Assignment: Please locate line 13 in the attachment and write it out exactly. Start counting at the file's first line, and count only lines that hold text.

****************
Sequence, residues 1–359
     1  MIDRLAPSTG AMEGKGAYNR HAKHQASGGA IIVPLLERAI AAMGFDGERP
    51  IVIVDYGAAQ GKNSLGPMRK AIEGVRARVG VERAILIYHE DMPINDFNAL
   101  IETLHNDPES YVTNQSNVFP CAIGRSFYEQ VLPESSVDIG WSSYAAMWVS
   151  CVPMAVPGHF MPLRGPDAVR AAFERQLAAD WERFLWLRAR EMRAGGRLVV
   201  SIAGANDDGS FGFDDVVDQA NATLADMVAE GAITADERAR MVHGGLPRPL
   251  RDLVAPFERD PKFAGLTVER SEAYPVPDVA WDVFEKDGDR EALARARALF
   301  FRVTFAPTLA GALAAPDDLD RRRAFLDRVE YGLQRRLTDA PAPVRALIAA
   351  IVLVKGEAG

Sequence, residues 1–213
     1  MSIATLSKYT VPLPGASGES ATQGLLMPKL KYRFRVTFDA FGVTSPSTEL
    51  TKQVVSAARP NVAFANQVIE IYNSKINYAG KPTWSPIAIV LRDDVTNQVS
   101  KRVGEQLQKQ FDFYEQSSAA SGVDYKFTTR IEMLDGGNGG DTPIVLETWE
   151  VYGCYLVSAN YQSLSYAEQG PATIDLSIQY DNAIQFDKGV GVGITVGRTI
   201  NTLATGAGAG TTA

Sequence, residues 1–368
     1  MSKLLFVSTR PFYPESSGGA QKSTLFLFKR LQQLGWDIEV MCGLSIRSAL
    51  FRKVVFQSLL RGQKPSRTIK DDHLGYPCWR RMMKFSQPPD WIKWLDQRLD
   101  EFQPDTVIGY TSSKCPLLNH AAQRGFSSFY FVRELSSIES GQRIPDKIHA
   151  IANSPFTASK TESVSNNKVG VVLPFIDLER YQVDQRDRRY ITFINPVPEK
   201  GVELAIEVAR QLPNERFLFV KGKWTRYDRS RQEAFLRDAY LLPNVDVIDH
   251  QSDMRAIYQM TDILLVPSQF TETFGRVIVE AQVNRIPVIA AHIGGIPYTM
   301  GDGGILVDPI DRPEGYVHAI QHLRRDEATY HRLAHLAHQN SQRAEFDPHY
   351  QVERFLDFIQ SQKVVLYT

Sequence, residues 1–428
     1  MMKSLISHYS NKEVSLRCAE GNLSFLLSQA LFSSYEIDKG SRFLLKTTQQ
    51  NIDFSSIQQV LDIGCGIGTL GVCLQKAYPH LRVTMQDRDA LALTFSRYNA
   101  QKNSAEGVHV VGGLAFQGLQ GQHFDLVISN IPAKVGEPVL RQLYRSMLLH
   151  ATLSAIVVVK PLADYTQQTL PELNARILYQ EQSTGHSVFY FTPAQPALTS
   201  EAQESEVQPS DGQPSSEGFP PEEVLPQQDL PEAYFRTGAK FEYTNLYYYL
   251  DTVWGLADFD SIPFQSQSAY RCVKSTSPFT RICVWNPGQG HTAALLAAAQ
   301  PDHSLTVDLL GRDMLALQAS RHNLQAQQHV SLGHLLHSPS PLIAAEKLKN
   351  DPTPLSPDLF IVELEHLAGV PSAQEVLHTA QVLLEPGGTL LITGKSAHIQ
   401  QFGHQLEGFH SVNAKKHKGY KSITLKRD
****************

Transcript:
   101  KRVGEQLQKQ FDFYEQSSAA SGVDYKFTTR IEMLDGGNGG DTPIVLETWE